53 Fun Family Summer Activities Checklist

53 Fun and frugal summer activities for children 200x150 53 Fun Family Summer Activities Checklist

53 Fun and frugal summer activities for children 53 Fun Family Summer Activities Checklist

This is always about the time of summer when despite the abundance of great weather for being outdoors, the delicious seasonal produce and the wonderful long days… kids start to get bored.

At least my kids have.

School is still out, I’m not a fan of letting them watch TV and we’ve already made many library runs.

I decided it was time to make a checklist of fun summer activities that we could do in the weeks before we start school again. The kids helped me brainstorm, and this is the list we came up with. The best part? Most of these are free or very low cost.

Add your ideas in the comments!

Family Summer Activities Checklist:

  1. Take a hike.
  2. Create a nature scavenger hunt.
  3. Visit our local nature center.
  4. Camp in the treehouse.
  5. Finally go check out the state parks near our house that we’ve never visited.
  6. Have a water fight in the backyard (use sponges, not balloons, to avoid choking hazards and plastic waste!
  7. Go to a drive-in movie.
  8. Pre-make a bunch of frozen meals for friends who are expecting babies in the next few weeks.
  9. Blow bubbles.
  10. Even better, make bubbles in a kids pool and use a hula hoop to surround ourselves in bubbles.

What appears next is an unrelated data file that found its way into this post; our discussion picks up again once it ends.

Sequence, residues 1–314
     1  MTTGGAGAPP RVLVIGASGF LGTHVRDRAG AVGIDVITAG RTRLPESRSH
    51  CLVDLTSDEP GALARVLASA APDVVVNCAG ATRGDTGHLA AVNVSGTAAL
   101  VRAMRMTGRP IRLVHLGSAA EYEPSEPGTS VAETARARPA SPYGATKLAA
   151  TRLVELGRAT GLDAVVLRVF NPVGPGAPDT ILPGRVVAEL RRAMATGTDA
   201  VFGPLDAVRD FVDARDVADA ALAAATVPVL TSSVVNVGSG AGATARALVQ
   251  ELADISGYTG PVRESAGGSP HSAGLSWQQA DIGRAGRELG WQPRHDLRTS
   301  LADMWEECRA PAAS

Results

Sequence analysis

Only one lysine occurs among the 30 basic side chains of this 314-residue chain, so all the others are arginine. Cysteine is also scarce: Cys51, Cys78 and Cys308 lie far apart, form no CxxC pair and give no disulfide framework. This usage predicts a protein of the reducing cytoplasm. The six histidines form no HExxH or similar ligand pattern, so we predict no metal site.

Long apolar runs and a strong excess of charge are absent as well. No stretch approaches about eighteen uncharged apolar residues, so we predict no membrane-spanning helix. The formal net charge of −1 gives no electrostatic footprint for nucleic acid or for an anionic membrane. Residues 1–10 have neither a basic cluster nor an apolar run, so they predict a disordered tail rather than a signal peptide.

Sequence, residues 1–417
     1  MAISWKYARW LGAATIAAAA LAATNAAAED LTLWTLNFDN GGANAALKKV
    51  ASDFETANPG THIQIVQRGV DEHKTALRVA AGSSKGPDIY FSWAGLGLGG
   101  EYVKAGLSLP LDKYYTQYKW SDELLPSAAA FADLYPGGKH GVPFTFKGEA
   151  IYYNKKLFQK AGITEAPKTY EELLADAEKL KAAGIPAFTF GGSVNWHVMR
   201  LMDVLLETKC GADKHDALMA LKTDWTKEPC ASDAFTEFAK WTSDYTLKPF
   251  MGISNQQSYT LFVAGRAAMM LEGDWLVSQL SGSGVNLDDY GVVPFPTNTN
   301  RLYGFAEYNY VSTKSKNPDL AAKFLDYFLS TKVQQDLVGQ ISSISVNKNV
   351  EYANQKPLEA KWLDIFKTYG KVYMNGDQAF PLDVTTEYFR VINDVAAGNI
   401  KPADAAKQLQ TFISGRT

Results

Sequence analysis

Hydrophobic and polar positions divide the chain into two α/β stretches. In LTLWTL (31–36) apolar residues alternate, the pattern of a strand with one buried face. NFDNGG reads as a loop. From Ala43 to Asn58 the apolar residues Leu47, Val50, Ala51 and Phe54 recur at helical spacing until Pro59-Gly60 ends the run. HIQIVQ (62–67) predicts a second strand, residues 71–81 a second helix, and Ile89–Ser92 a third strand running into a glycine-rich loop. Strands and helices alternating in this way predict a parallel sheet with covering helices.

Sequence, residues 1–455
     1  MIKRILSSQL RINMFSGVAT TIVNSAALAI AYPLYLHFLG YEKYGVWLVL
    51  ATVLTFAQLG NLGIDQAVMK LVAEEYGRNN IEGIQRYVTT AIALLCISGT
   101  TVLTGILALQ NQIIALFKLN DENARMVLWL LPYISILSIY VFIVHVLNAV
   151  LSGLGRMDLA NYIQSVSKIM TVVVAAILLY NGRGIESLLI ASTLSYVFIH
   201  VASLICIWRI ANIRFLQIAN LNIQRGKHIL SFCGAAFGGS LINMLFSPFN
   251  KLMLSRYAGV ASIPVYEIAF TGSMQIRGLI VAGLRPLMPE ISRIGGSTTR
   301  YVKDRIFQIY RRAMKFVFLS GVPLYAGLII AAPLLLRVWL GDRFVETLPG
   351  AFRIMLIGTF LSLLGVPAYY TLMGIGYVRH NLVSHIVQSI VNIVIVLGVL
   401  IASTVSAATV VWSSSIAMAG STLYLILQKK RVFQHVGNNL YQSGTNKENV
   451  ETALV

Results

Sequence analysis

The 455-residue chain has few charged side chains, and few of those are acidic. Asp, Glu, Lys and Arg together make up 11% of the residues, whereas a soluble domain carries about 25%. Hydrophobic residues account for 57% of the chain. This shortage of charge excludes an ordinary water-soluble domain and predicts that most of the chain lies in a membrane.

11. Make a (healthy & homemade) lemonade stand.
  12. Catch fireflies.
  13. Make popsicles from fruit and chia seeds.
  14. Have a luau for neighbors and friends.
  15. Have a picnic.
  16. Stay up late and try to find constellations.
  17. Go wildcrafting for herbs and plants with our local expert.
  18. Go fishing and learn how to clean the fish.
  19. Play frisbee
  20. Play outside in the rain.
  21. Turn on some oldies and have a dance party in the living room.
  22. Make a slip and slide in the backyard.
  23. Go to a baseball game.
  24. Play wiffle ball in the backyard.
  25. Make homemade ice cream.
  26. Learn how to make simple origami.
  27. Finger paint outside.
  28. Draw with sidewalk chalk.
  29. Have a puppet show
  30. Make necklaces with homemade clay beads.
  31. Make a bird house.
  32. And a bat house.
  33. Visit the fire station.
  34. Go to the zoo.
  35. Play in the sprinklers.
  36. Visit a retirement or nursing home and make cards for the residents.
  37. Learn how to score a baseball game.
  38. Go to the lake.
  39. Go to the free kid’s workshop at Home Depot.
  40. Have family game night.
  41. Learn new card games.
  42. Have a backyard campout.
  43. Teach kids how to jump rope (and practice it myself)
  44. Make these healthy ice cream sandwiches.
  45. Take a nap!
  46. Fly a kite.
  47. Build a fort.
  48. Play capture the flag.
  49. Climb trees.
  50. Join the library’s summer reading club.
  51. Make paper airplanes and race them.
  52. Let the kids plan and cook dinner.
  53. Play flashlight tag.

I want to hear your ideas now! Share below!

53 Fun Family Summer Activities Checklist originally appeared on Wellness Mama.

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The legacy of slavery echoed in the Charleston shooting, why we feel awe, the happy memories of mice + more

Bryan-Stevenson-TED-Talk-CTAThe TED community has been very busy over the past few weeks. Below, some newsy highlights.